Suffolk CloseUp: Bailing out nuclear plants

COURTESY PHOTO  Governor Andrew Cuomo

COURTESY PHOTO
Governor Andrew Cuomo

Shelter Islanders as well as other residents of Suffolk County and New York State will soon be getting higher utility bills.

The state Public Service Commission (PSC) last week approved, despite strong opposition, a $7.6 billion bailout of aging nuclear power plants in upstate New York that their owners have said are uneconomic to run without government support.

As a result, there will be a surcharge for 12 years on electric bills paid by residential and industrial customers.
Governor Andrew Cuomo, who appoints the members of the PSC, has called for the continued operation of the nuclear plants in order, he says, to save jobs.

The bailout would be part of a “Clean Energy Standard” advanced by Mr. Cuomo. Under it, 50 percent of electricity used in New York by 2030 would come from “clean and renewable energy sources” — with nuclear power fitting the bill, acording to Mr. Cuomo.

“Nuclear energy is neither clean nor renewable,” testified Pauline Salotti, vice chair of the Green Party of Suffolk at a recent hearing in Riverhead on the plan.

“Without these subsidies, nuclear plants cannot compete with renewable energy and will close,” declared a statement to the PSC by Jessica Azulay, program director of the Syracuse-based Alliance for a Green Economy. “But under the guise of ‘clean energy,’ the nuclear industry is about to get its hands on our money in order to save its own profits, at the expense of public health and safety.”

The “Clean Energy Standard” earmarks twice as much money for the nuclear power subsidy than for renewable energy sources such as solar and wind. It claims that nuclear power is comparable because nuclear plants don’t emit carbon or greenhouse gasses, the key nuclear industry argument for nuclear plants nationally and worldwide these days in response to climate change.

What the industry doesn’t mention, however, is that the “nuclear cycle” or “nuclear chain” — the entire nuclear system — is a major contributor to carbon emissions. Numerous statements sent to the New York PSC on the plan pointed to this.

“Nuclear is not emission-free!” Manna Jo Greene, environmental director of the Hudson River Sloop Clearwater, wrote the PSC. “The claim of nuclear power having ‘zero-emission attributes’ ignores emissions generated in mining, milling, enriching, transporting and storing nuclear fuel.”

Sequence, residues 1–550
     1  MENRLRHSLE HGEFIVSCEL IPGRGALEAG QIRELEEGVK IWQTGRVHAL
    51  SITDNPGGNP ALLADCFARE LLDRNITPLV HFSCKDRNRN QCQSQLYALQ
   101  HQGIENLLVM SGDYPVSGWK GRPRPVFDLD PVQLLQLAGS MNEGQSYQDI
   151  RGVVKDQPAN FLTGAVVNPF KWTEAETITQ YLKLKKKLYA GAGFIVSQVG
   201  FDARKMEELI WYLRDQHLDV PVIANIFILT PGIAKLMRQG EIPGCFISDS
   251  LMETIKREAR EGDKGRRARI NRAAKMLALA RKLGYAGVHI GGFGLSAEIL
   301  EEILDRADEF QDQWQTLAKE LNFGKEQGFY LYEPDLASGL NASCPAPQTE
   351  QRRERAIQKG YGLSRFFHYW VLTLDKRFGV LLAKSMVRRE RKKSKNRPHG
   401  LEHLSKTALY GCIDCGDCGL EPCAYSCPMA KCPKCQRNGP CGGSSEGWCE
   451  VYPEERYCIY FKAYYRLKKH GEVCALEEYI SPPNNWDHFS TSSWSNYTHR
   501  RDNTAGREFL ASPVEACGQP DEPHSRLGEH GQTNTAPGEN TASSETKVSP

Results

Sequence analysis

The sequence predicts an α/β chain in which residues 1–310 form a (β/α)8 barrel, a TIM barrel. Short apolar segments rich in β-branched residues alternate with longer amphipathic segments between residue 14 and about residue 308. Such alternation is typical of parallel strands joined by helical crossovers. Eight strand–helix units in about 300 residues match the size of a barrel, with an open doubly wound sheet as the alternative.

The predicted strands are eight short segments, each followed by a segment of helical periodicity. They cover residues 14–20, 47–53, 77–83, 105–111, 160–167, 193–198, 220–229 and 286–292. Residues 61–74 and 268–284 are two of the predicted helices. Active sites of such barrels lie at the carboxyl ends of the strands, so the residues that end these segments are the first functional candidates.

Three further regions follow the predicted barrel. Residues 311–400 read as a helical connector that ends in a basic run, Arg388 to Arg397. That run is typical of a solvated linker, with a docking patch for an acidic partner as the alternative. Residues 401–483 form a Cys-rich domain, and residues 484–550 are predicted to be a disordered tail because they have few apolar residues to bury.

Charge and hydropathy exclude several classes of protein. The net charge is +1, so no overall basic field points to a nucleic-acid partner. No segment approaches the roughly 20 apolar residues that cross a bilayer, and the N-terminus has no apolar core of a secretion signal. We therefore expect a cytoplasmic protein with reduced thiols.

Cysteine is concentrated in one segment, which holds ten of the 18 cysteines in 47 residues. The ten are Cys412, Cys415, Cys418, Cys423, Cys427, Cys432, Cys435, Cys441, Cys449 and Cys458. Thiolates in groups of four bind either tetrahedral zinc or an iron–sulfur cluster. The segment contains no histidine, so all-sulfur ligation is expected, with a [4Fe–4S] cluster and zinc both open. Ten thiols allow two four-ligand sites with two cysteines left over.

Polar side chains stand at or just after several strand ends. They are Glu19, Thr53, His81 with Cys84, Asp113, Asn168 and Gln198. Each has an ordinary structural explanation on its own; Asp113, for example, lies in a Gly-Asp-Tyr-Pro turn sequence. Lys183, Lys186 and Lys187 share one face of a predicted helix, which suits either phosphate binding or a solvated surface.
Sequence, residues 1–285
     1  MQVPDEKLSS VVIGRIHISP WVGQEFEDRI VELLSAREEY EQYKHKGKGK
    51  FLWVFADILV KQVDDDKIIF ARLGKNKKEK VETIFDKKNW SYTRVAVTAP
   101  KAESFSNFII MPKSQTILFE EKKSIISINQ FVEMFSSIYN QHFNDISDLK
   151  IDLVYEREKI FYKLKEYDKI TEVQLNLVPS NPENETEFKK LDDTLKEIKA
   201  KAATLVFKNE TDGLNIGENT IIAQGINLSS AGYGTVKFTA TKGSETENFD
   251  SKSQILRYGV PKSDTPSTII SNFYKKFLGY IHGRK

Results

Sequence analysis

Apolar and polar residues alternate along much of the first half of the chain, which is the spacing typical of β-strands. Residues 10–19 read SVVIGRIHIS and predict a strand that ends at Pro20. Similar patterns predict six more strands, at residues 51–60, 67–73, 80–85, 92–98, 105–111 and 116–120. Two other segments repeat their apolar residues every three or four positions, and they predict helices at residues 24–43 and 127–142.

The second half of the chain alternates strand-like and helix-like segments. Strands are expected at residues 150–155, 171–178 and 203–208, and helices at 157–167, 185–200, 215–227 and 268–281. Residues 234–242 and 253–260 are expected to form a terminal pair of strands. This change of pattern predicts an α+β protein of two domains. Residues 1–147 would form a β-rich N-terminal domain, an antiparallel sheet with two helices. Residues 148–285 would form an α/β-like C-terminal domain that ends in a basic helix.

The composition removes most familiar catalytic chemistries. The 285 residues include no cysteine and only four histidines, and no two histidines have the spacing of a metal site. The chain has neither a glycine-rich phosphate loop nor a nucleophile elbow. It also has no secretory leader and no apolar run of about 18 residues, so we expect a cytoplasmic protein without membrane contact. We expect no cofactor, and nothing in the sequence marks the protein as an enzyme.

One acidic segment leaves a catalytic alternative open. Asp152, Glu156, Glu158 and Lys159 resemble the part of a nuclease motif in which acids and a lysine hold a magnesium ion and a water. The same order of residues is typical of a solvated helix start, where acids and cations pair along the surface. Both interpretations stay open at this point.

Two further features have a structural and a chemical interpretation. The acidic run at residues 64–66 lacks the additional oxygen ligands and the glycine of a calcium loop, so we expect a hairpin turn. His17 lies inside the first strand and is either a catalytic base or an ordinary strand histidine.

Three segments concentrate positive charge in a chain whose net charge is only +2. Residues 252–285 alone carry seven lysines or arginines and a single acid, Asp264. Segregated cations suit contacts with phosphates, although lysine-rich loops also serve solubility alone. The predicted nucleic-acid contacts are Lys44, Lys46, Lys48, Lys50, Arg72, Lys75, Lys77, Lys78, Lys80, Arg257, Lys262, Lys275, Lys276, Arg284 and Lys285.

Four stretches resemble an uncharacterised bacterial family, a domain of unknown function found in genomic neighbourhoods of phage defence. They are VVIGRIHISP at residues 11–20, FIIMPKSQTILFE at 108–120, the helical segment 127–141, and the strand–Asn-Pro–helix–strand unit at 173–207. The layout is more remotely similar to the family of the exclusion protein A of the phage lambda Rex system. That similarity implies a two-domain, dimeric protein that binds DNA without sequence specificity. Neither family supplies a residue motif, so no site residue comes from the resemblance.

“Nuclear power is not carbon-free,” wrote Michel Lee, head of the Council on Intelligent Energy & Conservation Policy. “If one stage” — reactor operation itself — “produces minimal carbon … every other stage produces prodigious amounts.” Thus the nuclear “industry is a big climate change polluter … Nuclear power is actually a chain of highly energy-intensive industrial processes, which combined, consume large amounts of fossil fuels and generate potent warming gasses. These include: uranium mining, milling enrichment, fuel fabrication, transport” and Ms. Lee’s list went on.

In opposing the New York nuclear subsidy, Dr. Mark Z. Jacobson, professor of civil and environmental engineering and director of the Atmosphere/Energy Program at Stanford University, wrote in an op-ed in Albany Times Union that he was “shocked” by the PSC’s “proposal that the lion’s share of the Clean Energy Standard funding would be a nuclear bailout.”

He took issue with the claim of saving jobs, continuing that “allowing the upstate nuclear plants to close now and replace them with equal energy output” from offshore wind and solar power “would be cheaper and would create more jobs.” The closure of the upstate plants “would jeopardize fewer than 2,000 jobs,” while a “peer-reviewed study” he has done “about converting New York State to 100 percent clean, renewable energy – which is entirely possible now — would create a net of approximately 82,000 good, long-term jobs.”

The upstate nuclear power plants to be bailed out under the plan would be FitzPatrick, Nine Mile Point 1 and 2 and Ginna.
Reporter Tim Knauss of the Post-Standard of Syracuse wrote: “Industry watchers say New York would be the first state to establish nuclear subsidies based on environmental attributes, a benefit typically reserved for renewable energy sources such as wind and solar.” Mr. Cuomo “directed the PSC to create subsides for upstate reactors.”

Reuters has reported that the nuclear “industry hopes that if New York succeeds, it could pressure other states to adopt similar subsides” for nuclear plants. The headline of the Reuters story: “New York could show the way to rescue U.S. nuclear plants.”

The two Indian Point nuclear power plants, 26 miles north of New York City, are not now included in the plan but it “leaves the door open to subsidies” for them, says Ms. Azulay.

This would mean “the costs [of the bailout] will rise to over $10 billion.”

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